This mild and liberal law of visiting the sins of the fathers upon the children unto the ninth and tenth generation is at least as wise as it is beneficent. If the dark ages of ignorance and superstition-the merciless reigns of anarchy or despotism-are to be ransacked for the benign purpose of criminating those, who in this age may hold the same speculative doctrines that were professed by wretches destitute of all religion--what sect can be deemed trust-worthy or innocent? While we survey with eager eyes those dark and dreadful times where every object appears greater from the mist with which it is enveloped, we shall find that the charge of persecution is not confined to the zealots of one persuasion. Every religion which has been armed with secular powers and associated with despotic governments in days of the ignorance and degradation of our species has been used as an engine of misery and terror. And if the Papal hierarchy is stained more deeply with blood—if her annals present more numerous pictures of martyrdom and torture it is only because its powers were more extensive and its temptations more numerous. If such acts produ. ced from such times are to decide the character of a people, our judges may be considered as monsters because there was a Jeffries our bishops intolerant because of Laud—and the kingly office itself be regarded as dangerous and terrific, because most of its possessors have disgraced and afflicted the people whom they have governed. Are the members of the Church of England willing to be considered as bigots because Cranmer persecuted the anabaptists, and are we dissenters to be regarded as revolutionary because of the Barebones, and the Cromwells ? Christians of the Calvinistic persuasion! are you content to be considered blood-thirsty and faithless because the reformer, from whom you derive your name, unhappily tinctured with the spirit of the times, procured the death of Servetus? If you are not willing to have his conduct imputed to you, blush for the new doctrine of imputation you have some of you sanctioned, and confess the folly of your charges.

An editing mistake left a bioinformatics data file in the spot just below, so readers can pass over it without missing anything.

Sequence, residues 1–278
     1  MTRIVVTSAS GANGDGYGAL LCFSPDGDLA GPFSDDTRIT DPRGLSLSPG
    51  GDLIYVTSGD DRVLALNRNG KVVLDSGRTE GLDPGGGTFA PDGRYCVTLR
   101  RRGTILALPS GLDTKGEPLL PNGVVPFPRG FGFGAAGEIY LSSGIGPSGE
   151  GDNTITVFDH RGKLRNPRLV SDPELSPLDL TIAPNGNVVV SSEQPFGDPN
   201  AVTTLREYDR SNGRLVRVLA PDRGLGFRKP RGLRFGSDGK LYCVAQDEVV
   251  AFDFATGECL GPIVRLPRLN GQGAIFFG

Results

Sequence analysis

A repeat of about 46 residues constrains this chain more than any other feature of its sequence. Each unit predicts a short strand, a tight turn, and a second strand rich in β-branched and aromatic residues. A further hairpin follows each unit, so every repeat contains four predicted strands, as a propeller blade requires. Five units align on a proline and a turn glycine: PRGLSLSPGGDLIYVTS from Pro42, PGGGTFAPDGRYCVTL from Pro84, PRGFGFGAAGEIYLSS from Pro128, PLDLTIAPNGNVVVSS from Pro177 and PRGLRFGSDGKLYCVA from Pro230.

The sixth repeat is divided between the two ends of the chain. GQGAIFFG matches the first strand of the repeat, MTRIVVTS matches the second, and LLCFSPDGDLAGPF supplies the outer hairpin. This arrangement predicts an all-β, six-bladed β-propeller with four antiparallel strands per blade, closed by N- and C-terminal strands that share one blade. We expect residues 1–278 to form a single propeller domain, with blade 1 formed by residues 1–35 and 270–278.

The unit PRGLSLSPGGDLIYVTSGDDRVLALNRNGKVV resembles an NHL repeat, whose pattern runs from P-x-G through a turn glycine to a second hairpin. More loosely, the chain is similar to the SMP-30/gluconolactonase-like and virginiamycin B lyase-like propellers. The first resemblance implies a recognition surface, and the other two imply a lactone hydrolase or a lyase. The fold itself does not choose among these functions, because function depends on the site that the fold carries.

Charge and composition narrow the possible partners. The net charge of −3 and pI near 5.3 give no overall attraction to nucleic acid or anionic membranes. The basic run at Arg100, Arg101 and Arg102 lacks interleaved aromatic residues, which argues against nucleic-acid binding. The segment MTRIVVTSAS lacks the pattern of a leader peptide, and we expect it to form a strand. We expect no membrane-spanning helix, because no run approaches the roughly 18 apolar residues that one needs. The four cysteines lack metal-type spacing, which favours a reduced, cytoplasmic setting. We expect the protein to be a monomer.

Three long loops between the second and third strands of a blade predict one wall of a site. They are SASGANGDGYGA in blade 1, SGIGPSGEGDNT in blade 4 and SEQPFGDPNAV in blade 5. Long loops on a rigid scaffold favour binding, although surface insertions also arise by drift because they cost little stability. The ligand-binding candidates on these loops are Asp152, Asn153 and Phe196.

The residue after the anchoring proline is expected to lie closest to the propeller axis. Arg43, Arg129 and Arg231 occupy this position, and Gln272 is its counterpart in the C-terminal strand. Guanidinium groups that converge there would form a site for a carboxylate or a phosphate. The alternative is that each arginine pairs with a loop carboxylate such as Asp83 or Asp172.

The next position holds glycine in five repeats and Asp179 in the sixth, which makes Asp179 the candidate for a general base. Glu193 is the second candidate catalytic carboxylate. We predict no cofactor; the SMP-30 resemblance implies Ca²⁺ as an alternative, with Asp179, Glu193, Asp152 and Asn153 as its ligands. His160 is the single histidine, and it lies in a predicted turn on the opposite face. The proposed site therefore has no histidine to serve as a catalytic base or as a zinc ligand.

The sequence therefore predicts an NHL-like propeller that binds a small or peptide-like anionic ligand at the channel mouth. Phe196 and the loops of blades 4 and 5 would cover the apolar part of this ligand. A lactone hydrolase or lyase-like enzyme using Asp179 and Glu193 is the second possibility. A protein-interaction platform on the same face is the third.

- Eheu, Quàm temerè in nosmet legem sancimus iniquam !